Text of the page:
Pembroke Hill junior hoping to improve cancer treatment through research with Saint Luke’s

Data pix.

KANSAS CITY, Mo. -- At 16 years old, one metro teen is working to change the world through cancer research.

She's been working with doctors at Saint Luke's Cancer Institute hoping to uncover new data in immunotherapy cancer treatments. Now, the Pembroke Hill junior is about to head to Spain to present her findings.

Katrina Case is unlike many teenagers. Instead of dreaming about how she might change the world when she's older, she's hoping to do it as soon as she can through cancer research.

"It's such a tragic field, that there still needs to be learned about cancer in particular and how to help patients across the world," Case said.

She's always wanted to be a doctor just like her dad. Case started reading research papers when she was seven years old and started focusing on oncology about six years ago.

"I just started reading about it," Case said. "I would print off articles about oncology, and I would just start highlighting each and every single one of those words I did not understand to try and get a better understanding of the oncology field."

So the Pembroke Hill junior started working on an immunotherapy research project with a group of doctors at Saint Luke's Cancer Institute. She had to learn a lot very quickly. Not just medical terms, but how data is gathered, digested and reviewed.

Dr. Janakaraman Subramanian, a medical oncologist at the hospital, worked with her directly on the project.

"She had the patience, and the willingness to do all the hard work," Subramanian said. "Go to full time school and all her other extra curricular activities, and then she'll show up right on time after school in my office, show me what she's done so far, where the problems are where she couldn't understand what's happening and then we'll work through that."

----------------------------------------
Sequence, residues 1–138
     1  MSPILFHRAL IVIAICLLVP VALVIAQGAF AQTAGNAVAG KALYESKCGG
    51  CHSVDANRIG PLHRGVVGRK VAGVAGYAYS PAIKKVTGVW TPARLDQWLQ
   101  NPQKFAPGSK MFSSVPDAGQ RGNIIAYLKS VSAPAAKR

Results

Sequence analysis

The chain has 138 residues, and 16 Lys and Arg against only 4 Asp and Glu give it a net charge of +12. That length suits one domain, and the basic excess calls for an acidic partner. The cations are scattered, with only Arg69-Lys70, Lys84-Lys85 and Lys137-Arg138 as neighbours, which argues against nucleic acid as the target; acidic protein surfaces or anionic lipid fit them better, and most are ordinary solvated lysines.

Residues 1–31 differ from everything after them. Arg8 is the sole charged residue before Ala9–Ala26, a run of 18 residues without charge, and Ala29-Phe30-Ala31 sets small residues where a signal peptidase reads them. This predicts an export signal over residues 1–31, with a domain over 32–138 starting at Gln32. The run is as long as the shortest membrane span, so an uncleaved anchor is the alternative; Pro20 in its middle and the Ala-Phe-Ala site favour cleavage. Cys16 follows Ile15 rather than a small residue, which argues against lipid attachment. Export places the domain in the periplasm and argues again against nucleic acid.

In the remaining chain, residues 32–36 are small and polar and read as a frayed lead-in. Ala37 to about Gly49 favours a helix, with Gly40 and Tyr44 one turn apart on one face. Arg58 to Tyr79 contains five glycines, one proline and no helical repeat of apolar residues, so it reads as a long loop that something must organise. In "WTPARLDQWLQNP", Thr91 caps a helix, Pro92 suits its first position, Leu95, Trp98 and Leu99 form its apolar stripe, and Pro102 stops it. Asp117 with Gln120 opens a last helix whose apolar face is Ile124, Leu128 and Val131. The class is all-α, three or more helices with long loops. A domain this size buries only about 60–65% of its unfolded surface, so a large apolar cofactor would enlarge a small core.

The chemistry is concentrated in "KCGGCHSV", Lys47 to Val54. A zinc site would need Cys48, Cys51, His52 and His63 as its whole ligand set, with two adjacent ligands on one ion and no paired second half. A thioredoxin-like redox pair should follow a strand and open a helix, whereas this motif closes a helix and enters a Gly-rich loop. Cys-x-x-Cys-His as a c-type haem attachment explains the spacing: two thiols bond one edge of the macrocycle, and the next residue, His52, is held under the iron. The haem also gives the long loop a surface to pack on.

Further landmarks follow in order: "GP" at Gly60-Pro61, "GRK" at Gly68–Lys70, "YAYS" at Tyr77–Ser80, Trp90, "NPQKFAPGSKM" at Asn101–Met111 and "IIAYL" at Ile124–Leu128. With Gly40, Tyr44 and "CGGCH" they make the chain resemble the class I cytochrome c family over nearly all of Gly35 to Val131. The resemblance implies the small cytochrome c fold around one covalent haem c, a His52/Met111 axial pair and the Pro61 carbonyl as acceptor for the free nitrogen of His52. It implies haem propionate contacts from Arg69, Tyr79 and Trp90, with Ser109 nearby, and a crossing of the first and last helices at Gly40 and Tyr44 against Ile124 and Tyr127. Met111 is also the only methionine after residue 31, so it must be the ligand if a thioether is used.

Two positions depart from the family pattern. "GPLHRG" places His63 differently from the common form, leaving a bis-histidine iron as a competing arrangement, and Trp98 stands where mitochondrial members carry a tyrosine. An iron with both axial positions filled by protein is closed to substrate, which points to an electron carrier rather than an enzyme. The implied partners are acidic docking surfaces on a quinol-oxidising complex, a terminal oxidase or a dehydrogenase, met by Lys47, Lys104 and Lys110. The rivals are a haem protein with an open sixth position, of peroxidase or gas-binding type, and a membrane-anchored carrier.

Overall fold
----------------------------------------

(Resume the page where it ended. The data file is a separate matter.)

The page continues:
She started a database with publicly accessible cancer patients information through the Cancer Genome Atlas.

From that data she was able to run a number of specific searches that showed what worked and what didn't for specific kinds of cell mutations.

"I looked at how many mutations there are, and what kind of mutations they are, and how they're seen by the immune system, and if this could be a prediction of the success of immunotherapy," Case said.

The preliminary findings are possibly uncovering links that could lead to more successful treatments for patients down the road. See more on her research here.

"I see the talent in her, and I think she an do a lot of good things, particularly when it comes to cancer research," Subramanian said.

"I hope that my research gives everyone the best chance at fighting a horrible disease such as cancer," Case said.

On Wednesday, Case and her family are heading to present her findings in Spain at the European Society of Medical Oncology. She won the local BioNexus Health Challenge for her research in immunotherapy.

She's also presented at the One Health Conference, the only high school or college student to do so.

Subramanian said they plan to keep working with her to uncover more findings to get her work published in a medical journal.

Over the summer Case traveled to Moldova in a State Department program, the National Security Language Initiative for Youth. It helps to accelerate and promote language development vital to national security.

She earned an eight week scholarship through the program to learn Russian at an all day program and lived as an exchange student with a Russian family.

Case also enjoys playing basketball, lacrosse and watching "The Office" on Netflix.

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